A third problem is disparate regulations depending on ownership of the firing range. Each branch of the military has their own firing ranges, and each are responsible for site remediation. There are specific federal regulations detailing how contaminated sites on old military facilities need to be cleaned up before the land is returned to the community. Other federal law enforcement agencies have their own firing ranges, with agency specific guidelines for monitoring and remediation. State law enforcement agencies have their own sites and regulations, and privately owned firing ranges have theirs. Lands that were once federal lands and are now conservation areas, and that were used for bombing practice and other military exercises, have their own set of complex regulations. Mining companies who left slag and other solid hazardous waste, including lead, behind when their companies went out of business also present jurisdictional headaches.

MT2 is the Leading and Largest Nationwide Professional Lead Reclamation & Maintenance Contractor for BOTH Indoor & Outdoor Firing Ranges and has served over 1,000 public and private firing ranges nationwide since 2000. MT2’s firing range services include complete range maintenance, improvements and lead remediation services.

MT2’s extensive list of clients includes over 400 law enforcement agencies such as NYPD, State Departments of Corrections, and the US Military. Since 2006, MT2 has been implementing a BMP Program for lead management and maintenance that successfully reduces lead hazards at the NYPD training range where over 40,000 officers and recruits train annually. The NYPD BMP Program includes removal and recycling of lead bullets and bullet fragments; sampling, analysis and monitoring of soil and groundwater conditions; and chemically converting potential leachable lead fines remaining in range soils utilizing MT2’s patented ECOBOND® lead treatment technologies so that treated soils are considered non-hazardous and can be replaced back onto range berms.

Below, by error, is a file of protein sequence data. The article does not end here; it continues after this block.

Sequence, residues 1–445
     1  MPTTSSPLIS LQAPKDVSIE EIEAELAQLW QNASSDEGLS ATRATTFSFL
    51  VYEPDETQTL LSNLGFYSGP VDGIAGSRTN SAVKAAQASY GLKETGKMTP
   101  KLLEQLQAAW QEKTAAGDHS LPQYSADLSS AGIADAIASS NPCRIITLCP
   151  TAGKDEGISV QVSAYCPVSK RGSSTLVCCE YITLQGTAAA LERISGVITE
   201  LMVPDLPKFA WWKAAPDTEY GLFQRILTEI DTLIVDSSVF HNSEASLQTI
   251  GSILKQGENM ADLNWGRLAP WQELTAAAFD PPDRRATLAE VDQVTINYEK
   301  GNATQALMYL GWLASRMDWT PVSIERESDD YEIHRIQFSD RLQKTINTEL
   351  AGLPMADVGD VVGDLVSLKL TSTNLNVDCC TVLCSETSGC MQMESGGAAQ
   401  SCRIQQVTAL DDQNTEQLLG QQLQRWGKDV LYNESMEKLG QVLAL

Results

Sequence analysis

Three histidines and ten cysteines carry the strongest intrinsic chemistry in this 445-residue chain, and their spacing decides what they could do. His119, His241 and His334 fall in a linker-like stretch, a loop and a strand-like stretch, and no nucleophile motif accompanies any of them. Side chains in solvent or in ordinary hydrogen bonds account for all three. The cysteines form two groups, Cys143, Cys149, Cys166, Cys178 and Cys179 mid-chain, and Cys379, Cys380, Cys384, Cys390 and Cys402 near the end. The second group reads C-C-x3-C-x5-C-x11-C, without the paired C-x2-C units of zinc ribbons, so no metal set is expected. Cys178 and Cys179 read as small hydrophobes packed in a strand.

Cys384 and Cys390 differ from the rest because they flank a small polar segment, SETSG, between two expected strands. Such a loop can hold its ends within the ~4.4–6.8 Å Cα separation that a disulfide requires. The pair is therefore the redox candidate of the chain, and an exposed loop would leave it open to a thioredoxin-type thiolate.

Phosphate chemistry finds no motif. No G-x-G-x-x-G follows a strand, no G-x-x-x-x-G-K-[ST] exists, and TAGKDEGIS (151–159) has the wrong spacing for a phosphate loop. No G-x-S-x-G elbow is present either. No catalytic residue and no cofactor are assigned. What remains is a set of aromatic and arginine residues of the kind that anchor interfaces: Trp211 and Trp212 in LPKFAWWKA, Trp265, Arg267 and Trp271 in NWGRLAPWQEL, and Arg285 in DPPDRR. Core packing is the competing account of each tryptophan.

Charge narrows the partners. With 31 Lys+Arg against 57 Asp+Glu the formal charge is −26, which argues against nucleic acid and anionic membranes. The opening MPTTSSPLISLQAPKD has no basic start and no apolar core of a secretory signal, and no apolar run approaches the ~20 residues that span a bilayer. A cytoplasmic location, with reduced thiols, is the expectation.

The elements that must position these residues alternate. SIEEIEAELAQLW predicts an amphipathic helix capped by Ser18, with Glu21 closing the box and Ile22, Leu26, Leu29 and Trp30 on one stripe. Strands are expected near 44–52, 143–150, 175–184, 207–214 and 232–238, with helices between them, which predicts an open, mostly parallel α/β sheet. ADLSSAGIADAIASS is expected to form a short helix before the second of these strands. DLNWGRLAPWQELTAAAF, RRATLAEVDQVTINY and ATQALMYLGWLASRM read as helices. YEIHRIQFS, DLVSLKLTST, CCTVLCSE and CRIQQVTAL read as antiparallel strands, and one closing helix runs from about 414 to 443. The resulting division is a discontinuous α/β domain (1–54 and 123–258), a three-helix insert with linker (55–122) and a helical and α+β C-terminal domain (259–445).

Contact us today to see how we can help your range and shooters stay safe

 

Last Updated on Tuesday, 22 November 2016 02:24

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Understanding How Lead at Shooting Ranges Harms More Than Just the Shooters at the Firing Range

 

 

Bullet-shooting range remediation-shutterstock 267020726Both the Census of State and Local Law Enforcement Agencies and the Law Enforcement Management and Administrative Statistics survey found that there are about 461,000 police officers in America today. These officers must train at shooting ranges, which place them at risk of lead poisoning.

While most people are aware that high-velocity lead is deadly, what they don't know about is the hidden dangers of the lead at the firing ranges. This is because of the dust that comes from the shooting activities, especially when it's not properly contained. Most people don't understand that proper lead cleanup and restoration of the environment is important in protecting people from lead's hazards. Unfortunately, a lot of people don't understand how important this is because they don't understand how damaging lead is to humans and the environment.

What Lead Does to the Environment

When it comes to the environment lead remains there indefinitely. This causes air pollution, especially in urban areas. Also, it's important to understand that this lead builds up more when located by highways, freeways, and smelting facilities. There it gets into the soil, which is why it accumulates over time.

What Lead Does to Your Health

When lead gets into the soil it also causes long-term health hazards for the humans who come into contact with it. This includes high blood pressure, kidney damage, and cancer. If a pregnant woman comes into contact with high levels of lead they risk miscarriage, stillbirth, premature birth, low birth weight, and other malfunctions to their baby.